Penile Fracture - "Ouch!"

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This is a rare condition which I was not going to dedicate a whole page to... until last week when a man came into the emergency room with a penile fracture 4 days prior to presenting to the hospital. Therefore I decided to create a page for it to help educate and spread the word about the importance of recognizing it when it happens so that you or your friend rush to the ER because prompt treatment (<24h) has been shown to improve long-term outcomes in studies. 

What is it?

A penile fracture is a rare and alarming injury that may occur during sexual intercourse. A penile fracture is not the same as a break in a bone. Instead, it is a rupture in the two areas of the penis responsible for erections: the corpora cavernosa and the penile sheath.

Because the injury can cause long-lasting damage to a man's sexual and urinary function, it is important to seek emergency medical attention.


A penile fracture may occur during sex.  A penile fracture is a painful injury that usually occurs in the lower two-thirds of the penis.  Symptoms of a penile fracture include:

A penile fracture will often cause the penis to take on what doctors call an "eggplant deformity," where the penis appears purple and swollen. Rarer symptoms of a penile fracture include swelling in the scrotum and blood in the urine.  Other conditions that mimic the symptoms of a penile fracture include a rupture of the veins and arteries in the penis and a ruptured suspensory ligament.

The penis has an area of sponge-like tissue called the corpus cavernosa. When a man has an erection, the blood in the penis concentrates in this area. When the penis is erect, one or both sides of the corpus cavernosa can snap, resulting in a penile fracture.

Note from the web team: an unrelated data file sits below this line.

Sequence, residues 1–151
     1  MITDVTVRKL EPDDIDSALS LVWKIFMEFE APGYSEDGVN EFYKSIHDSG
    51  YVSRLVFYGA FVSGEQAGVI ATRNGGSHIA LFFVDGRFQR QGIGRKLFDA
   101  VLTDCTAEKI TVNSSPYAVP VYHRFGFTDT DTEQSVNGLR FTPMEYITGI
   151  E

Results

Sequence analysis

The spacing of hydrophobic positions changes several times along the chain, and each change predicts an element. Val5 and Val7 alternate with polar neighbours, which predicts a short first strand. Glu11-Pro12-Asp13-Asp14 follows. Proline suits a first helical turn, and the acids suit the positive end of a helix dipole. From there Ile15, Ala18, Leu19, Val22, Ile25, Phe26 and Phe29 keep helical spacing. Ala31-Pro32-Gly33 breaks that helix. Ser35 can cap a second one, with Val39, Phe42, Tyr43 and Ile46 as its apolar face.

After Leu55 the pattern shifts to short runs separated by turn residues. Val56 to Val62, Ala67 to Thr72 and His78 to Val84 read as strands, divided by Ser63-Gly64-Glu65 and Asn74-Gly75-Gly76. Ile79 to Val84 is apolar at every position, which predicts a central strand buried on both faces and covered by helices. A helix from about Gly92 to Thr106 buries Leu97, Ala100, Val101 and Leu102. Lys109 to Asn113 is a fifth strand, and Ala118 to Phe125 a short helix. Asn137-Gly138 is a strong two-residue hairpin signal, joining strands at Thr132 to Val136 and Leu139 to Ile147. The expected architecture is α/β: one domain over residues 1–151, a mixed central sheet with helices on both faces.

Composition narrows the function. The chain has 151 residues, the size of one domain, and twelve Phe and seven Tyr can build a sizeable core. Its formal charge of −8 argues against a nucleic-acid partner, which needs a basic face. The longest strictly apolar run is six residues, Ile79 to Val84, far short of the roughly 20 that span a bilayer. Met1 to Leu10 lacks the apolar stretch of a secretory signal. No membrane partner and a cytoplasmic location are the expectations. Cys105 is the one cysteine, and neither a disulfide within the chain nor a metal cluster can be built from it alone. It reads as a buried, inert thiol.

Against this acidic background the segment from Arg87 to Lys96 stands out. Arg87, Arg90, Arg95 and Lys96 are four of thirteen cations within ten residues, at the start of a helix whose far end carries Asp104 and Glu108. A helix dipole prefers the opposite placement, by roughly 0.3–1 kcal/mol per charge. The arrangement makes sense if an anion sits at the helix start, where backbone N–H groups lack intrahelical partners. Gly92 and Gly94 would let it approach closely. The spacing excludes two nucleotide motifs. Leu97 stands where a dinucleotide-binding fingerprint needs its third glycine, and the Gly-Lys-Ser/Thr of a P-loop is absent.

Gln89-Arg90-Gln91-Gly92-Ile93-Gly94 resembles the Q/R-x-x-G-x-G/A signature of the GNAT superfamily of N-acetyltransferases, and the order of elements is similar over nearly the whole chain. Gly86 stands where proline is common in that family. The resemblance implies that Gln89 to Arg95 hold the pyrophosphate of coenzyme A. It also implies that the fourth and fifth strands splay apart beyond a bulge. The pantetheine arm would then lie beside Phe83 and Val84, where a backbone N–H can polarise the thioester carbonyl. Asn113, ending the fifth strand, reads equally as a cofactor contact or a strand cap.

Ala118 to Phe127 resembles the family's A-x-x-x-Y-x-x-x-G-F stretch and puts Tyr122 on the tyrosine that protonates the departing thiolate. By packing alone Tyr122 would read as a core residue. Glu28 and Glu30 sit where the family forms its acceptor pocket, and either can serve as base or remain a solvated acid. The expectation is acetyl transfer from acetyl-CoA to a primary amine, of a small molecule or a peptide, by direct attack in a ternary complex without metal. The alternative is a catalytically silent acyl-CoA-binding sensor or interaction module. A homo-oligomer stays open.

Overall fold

A penile fracture will usually only occur when a man's penis is erect. A flaccid penis does not typically fracture because the corpus cavernosa is not as enlarged as when the penis is erect. Most cases of penile fracture in the United States occur during intercourse. The injury usually happens when a man is thrusting against the pubic bone or the perineum, which can cause the corpus cavernosum to snap or break.

Men are not necessarily having rough sex when a fracture occurs, but may be in a position where the penis is more likely to hit against a bone.

However, a penile fracture has also been known to occur in the following circumstances:

  • rolling over in bed onto an erect penis
  • hitting an erect penis on something, such as a door frame or furniture
  • falling onto an erect penis

Treatments for a penile fracture can include at-home care and surgical repair.

At-home treatments include:

  • Applying cloth-covered ice packs for 10 minutes at a time to reduce swelling.
  • Using a Foley catheter to empty the bladder and reduce trauma to the penis.
  • Taking anti-inflammatory medications, such as ibuprofen, to reduce pain and swelling.

Using at-home treatments alone has been shown to cause high rates of complications following a penile fracture. Examples of these include pain when getting an erection, a severe angle to the penis, and inability to achieve an erection.

As a result, many doctors recommend surgical repair and treatment. Research has shown that surgery results in better outcomes for people with penile fractures especially when performed less than 24 hours after the event..

Surgical treatment can vary based on the extent of a man's injuries. Examples of repairs that may be made after a penile fracture include:

  • getting rid of a hematoma or buildup of blood due to the fracture
  • stopping bleeding of any damaged blood vessels
  • closing any cuts or lacerations to the penis that may be causing bleeding.

If a man's urethra is also damaged, we may need to repair it as well. We routinely perform urethroscopy with a tiny camera to inspect the inside of the urethra at the time of surgical repair.

To repair the penile fracture, we would make an incision in the skin of the penis to access the one or more torn areas. We then repair these tears with stitches.

If a man does not seek treatment for a penile fracture, it is possible that he could experience a permanent penile deformity.

An untreated penile fracture may also lead to difficulty maintaining an erection (Erectile Dysfunction). 

Bottom line: if you think you have a penile fracture or if you hear a popping noise during sex and then your penis swells up and you loose your erection, better to come to the ER to get checked out.

do you have a penile fracture?


OR CALL 907-328-0989 TODAY!